Skip to main content

SD West: Software Requirements: 10 Traps

Next up: Karl Wiegers talks about the 10 Traps of Software Requirements.  I plan to check out processimpact.com  for sample documents and spreadsheets (the requirements prioritization example spreadsheet sounds especially useful). 

Lots of good advice and pointers to resources in the talk.  He had somevaluable points regarding the different views of what a 'requirement'is to different stakeholders.  He presented a frameworkfor separation into business (why), user (what), and functional(high-level how) requirements, and how to categorize requirements intothis framework to help avoid confusion.  This becomes particularlyimportant when doing incremental development (which is what almosteverybody does):  It's OK to be fuzzy on some of the functionalrequirements before starting a project, but the business requirementshad better be very clear and solid.

Regarding change control boards, I asked how one can scale a CCB so itdoesn't become a bottleneck in a large program.  He said (interpretinga bit) that the way to scale a CCB is to identify policies so that youcan distribute responsibilities among CCBs -- only escalating changerequests up to a central CCB if its scope truly warrants it. 

The slightly depressing part about this talk was that I knew most ofthe solutions presented; however, none of them helped to solve thereally hard people problems that actually are the root cause ofmost requirements issues. 

On a side note, the wireless network stopped working for me during thistalk.  I started seeing packet round-trip times of >>1sec to reachwhat was supposedly our DNS server.  I think this highlights one of thenonfunctional requirements that should have been part of the requirements for the Santa Clara Convention Centernetwork:  When you build a wireless network for a convention center inthe middle of Silicon Valley, make sure that it can handle a fewthousand software engineers with laptops!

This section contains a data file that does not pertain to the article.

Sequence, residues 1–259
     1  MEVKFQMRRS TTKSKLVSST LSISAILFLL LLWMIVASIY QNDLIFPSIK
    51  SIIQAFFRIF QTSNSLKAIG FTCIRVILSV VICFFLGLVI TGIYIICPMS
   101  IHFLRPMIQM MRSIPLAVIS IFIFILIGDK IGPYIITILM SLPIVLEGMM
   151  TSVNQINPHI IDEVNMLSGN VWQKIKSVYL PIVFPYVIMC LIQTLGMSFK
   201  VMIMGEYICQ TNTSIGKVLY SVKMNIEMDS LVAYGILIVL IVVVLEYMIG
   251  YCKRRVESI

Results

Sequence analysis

Popular posts from this blog

Personal Web Discovery (aka Webfinger)

There's a particular discovery problem for open and distributed protocols such as OpenID, OAuth, Portable Contacts, Activity Streams, and OpenSocial.  It seems like a trivial problem, but it's one of the stumbling blocks that slows mass adoption.  We need to fix it.  So first, I'm going to name it:

The Personal Web Discovery Problem:  Given a person, how do I find out what services that person uses?
This does sound trivial, doesn't it?  And it is easy as long as you're service-centric; if you're building on top of social network X, there is no discovery problem, or at least only a trivial one that can be solved with proprietary APIs.  But what if you want to build on top of X,Y, and Z?  Well, you write code to make the user log in to each one so you can call those proprietary APIs... which means the user has to tell you their identity (and probably password) on each one... and the user has already clicked the Back button because this is complicated and annoying.

XAuth is a Lot Like Democracy

XAuth is a lot like democracy:  The worst form of user identity prefs, except for all those others that have been tried (apologies to Churchill).  I've just read Eran's rather overblown "XAuth - a Terrible, Horrible, No Good, Very Bad Idea", and I see that the same objections are being tossed around; I'm going to rebut them here to save time in the future.

Let's take this from the top.  XAuth is a proposal to let browsers remember that sites have registered themselves as a user's identity provider and let other sites know if the user has a session at that site.  In other words, it has the same information as proprietary solutions that already exist, except that it works across multiple identity providers.  It means that when you go to a new website, it doesn't have to ask you what your preferred services are, it can just look them up.  Note that this only tells the site that you have an account with Google or Yahoo or Facebook or Twitter, not what the…
Twister is interesting.  It's a decentralized "microblogging" system based on putting together existing protocols:  Bitcoin, distributed hash tables, and Bittorrent.  The most interesting part for me is using Bitcoin for user registration and spam control.  Federated systems handle this with federated trust, which is at least conceptually simple.  The Twister/Bitcoin mechanism looks intriguing though I don't know enough about Bitcoin to really comment.  Need to read further.